The Diana is also a case, of considerable interest, which contains doctrines entitled to attentive consideration.

During the war between Great Britain and Holland, which commenced in 1795, the island of Demarara, surrendered to the British arms. By the treaty of Amiens, it was restored to the Dutch. That treaty contained an article allowing the inhabitants, of whatever country they might be, a term of three years, to be computed from the notification of the treaty, for the purpose of «isposing of their property acquired and possessed before or during the war, in which term they may have the full exercise of their religion and enjoyment of their property.

Previous to the declaration of war against Holland, in 1803, the Diana and several other vessels, loaded with colonial produce, were captured on a voyage from Demarara to Holland. Immediately after the declaration of war, and before the expiration of three years from the notification of the treaty of Amiens, Demarara again surrendered to Great Britain. Claims to the captured

property were filed by original British subjects, inhabi

THE tants of Demarara, some of whom had settled in the co VENUS, lony while it was in possession of Great Britain, others RAE, before that event. The trial came on after the island had MASTER. again become a British colony.

Sir William Scott decreed restitution to those British subjects who had settled in the colony while in British possession, but condemned the property of those who had settled there before that time. He held, that their settling in Demarara while belonging to Great Britain, afforded a presumption of their intending to return, if the island should be transferred to a foreign power; which presumption, recognized in the treaty, relieved those Claimants from the necessity of proving such intention. He thought it highly reasonable that they should be admitted to their jus postliminii, and be held entitled to the protection of British subjects.

But the property of those Claimants who had settled before it came to the possession of Great Britain, was condemned. “Having settled without any faith in British possession, it car:not be supposed,” he said, “ that 6 they would have relinquished their residence, because “ that possession had ceased. They had passed from “ one sovereignty to another with indifference; and if s they may be supposed to have looked again to a con6 nexion with this country, they must have viewed it as “a circumstance that was in no degree likely to affect « their intention of continuing there." 66 On the situa“tion of persons settled there previous to the time of “ British possession, I feel myself,” said the judge, s obliged to pronounce that they must be considered in “ the same light as persons resident in Amster!am. It “ must be understood, however, that if there were among “ these, any who have been actually removing, and that “ fact is properly ascertained, their goods may be capa6 ble of restitution. All that I mean to express is, that or there must be evidence of an intention to remove, on 6st he part of those who settled prior to British posses“sion, the presumption not being in their favor."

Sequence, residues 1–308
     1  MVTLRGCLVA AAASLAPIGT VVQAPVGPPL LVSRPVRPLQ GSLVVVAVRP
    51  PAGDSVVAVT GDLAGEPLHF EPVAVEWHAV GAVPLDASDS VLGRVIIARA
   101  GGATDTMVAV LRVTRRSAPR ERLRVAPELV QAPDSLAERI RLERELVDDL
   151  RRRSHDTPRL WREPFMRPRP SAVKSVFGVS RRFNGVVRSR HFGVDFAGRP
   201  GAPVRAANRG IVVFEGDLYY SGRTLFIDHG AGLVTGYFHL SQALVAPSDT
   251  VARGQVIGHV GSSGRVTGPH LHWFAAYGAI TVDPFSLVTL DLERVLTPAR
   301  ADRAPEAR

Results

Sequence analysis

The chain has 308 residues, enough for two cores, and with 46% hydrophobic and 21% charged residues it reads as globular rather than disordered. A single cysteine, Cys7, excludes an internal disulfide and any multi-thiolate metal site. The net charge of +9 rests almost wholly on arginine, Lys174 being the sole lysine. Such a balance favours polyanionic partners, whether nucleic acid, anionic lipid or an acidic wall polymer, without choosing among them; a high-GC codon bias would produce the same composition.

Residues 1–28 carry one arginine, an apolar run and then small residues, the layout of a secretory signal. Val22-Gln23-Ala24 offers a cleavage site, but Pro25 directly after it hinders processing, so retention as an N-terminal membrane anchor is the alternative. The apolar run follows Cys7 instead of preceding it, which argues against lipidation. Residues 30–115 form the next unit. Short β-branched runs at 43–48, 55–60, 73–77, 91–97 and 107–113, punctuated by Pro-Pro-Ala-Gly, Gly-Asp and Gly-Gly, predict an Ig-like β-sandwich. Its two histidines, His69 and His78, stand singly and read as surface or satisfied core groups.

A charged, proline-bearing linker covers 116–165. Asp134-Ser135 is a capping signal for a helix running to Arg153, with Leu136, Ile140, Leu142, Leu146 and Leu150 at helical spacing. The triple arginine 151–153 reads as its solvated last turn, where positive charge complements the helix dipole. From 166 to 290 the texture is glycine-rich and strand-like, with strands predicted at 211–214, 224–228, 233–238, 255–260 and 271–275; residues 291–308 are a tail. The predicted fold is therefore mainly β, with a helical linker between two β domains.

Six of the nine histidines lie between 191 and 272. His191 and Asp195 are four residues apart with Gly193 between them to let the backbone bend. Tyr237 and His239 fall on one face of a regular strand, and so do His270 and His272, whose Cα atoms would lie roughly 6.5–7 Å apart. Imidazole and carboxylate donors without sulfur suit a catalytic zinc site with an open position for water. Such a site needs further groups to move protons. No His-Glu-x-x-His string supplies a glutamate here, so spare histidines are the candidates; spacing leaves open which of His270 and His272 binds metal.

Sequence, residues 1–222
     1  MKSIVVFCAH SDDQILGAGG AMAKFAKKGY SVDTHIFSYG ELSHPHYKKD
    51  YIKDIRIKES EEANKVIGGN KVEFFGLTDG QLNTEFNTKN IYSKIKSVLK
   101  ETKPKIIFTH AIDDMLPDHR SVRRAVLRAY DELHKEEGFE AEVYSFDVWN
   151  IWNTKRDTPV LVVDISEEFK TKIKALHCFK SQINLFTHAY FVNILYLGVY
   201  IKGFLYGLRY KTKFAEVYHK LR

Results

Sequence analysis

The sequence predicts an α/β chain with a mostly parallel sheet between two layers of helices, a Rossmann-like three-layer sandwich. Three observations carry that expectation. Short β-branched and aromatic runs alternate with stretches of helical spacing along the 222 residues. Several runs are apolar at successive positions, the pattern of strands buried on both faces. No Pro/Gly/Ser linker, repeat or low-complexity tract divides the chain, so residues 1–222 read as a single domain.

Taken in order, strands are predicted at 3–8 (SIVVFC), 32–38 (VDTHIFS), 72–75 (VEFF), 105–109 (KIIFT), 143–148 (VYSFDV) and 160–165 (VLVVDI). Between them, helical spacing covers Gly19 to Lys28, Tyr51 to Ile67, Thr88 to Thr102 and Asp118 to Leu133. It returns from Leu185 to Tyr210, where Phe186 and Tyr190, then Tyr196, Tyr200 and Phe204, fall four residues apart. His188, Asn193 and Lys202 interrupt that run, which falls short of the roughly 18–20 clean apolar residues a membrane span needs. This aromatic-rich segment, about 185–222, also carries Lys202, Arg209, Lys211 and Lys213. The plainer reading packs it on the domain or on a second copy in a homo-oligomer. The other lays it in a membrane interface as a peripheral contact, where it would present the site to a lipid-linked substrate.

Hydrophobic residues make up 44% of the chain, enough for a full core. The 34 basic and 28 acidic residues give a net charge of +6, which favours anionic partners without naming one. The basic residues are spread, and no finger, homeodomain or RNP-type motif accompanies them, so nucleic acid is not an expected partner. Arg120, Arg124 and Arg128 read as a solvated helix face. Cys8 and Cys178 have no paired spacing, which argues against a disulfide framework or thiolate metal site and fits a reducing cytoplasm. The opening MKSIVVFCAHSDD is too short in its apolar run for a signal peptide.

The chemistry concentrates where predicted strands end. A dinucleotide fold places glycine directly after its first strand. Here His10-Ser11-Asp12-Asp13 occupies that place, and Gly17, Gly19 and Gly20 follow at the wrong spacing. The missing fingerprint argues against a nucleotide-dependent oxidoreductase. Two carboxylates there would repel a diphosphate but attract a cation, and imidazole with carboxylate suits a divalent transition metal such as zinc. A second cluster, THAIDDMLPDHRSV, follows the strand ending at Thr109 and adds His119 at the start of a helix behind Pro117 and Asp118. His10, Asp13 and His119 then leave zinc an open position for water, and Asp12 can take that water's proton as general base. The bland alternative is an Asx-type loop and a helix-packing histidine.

This having been a hostile seizure, though made before the declaration of war, the property is held equally VOL. VIII.



liable to condemnation as if captured the instant of that declaration.



So much of the case as relates to those Claimants who had settled during British possession, proves that other circumstances than an actual getting into motion for the purpose of returning to bis own country, may create a presumption of intending to return; and may put off that hostile commercial character which a British subject residing and trading in the country of an enemy, is admitted to acquire. The settlement having been made in a country which, at the time, was in possession of Great Britain, though held only by the right of conquest-a tenure known to be extremely precarious, and rarely to continue longer than the war in which the acquisition is made, is sufficient to create this presumption ; but the case does not declare negatively that no other circumstances would be sufficient,

I am aware that the part of the case which applies to Claimants who had settled previous to British possession, will, at first view, appear to have a strong bearing on the question before the Court. The shipment was in time of peace, and the seizure was made before the declaration of war. The trade was one in which a Britisli subject, in time of peace, might lawfully engage. However strong his intention might be to return to his native country in the event of war, he could not be expected to manifest that intention before the actual existence of war. The re-conquest of the island followed the declaration of war so speedily, as scarcely to leave time for putting in execution the resolution to return, had one been formed. Taking these circumstances into view, the condemnation would seem to he one of extreme severity. Yet even this case, admitting the decision to be perfectly correct, dues not, I think, when accurately examined, go so far as to jastify a condemnation under such circumstances as belong to some of the cases at bar.

The island having surrendered during war, such of its inbabitants as were originally British subjects were not allowed to derive, from this re-annexation to the dominions of Great Britain, the advantages to which a voluntary return to their own country, of the same